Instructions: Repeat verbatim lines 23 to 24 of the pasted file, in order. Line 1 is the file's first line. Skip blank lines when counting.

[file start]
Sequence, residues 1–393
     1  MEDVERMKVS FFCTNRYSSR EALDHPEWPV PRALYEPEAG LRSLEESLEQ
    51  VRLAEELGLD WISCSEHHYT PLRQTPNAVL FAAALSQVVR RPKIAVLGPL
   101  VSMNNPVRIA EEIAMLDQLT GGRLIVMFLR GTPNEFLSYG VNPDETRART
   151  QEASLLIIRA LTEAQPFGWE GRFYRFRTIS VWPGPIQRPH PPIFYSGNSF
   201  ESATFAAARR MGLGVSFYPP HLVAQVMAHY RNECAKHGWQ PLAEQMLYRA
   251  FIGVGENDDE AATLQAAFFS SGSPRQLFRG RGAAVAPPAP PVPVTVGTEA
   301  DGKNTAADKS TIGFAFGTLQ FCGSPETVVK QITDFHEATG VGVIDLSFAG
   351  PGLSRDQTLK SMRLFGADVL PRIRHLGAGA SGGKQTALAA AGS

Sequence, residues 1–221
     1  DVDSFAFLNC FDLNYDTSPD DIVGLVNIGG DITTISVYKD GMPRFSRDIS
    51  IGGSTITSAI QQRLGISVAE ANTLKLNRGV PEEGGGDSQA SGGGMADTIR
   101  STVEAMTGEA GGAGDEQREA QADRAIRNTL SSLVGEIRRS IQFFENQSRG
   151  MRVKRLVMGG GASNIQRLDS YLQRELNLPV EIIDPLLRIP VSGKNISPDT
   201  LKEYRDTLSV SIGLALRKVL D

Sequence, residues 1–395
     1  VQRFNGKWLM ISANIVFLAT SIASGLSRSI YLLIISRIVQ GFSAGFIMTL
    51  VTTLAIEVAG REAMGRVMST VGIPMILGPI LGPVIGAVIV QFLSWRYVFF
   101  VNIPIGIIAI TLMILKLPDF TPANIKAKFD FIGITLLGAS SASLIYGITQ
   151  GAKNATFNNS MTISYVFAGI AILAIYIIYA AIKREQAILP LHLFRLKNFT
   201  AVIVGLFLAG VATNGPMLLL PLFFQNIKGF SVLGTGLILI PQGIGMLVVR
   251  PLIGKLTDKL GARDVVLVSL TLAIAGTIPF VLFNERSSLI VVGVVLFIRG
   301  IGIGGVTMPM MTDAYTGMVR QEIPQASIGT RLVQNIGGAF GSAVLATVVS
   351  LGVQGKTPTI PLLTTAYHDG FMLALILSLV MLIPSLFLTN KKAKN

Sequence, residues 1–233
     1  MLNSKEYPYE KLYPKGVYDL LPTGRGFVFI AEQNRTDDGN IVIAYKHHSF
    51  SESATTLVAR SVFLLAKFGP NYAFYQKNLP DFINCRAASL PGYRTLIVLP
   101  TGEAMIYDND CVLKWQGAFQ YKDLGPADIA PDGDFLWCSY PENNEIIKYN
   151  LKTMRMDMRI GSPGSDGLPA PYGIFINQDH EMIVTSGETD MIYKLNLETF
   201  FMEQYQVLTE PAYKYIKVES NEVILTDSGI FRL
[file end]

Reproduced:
   301  IGIGGVTMPM MTDAYTGMVR QEIPQASIGT RLVQNIGGAF GSAVLATVVS
   351  LGVQGKTPTI PLLTTAYHDG FMLALILSLV MLIPSLFLTN KKAKN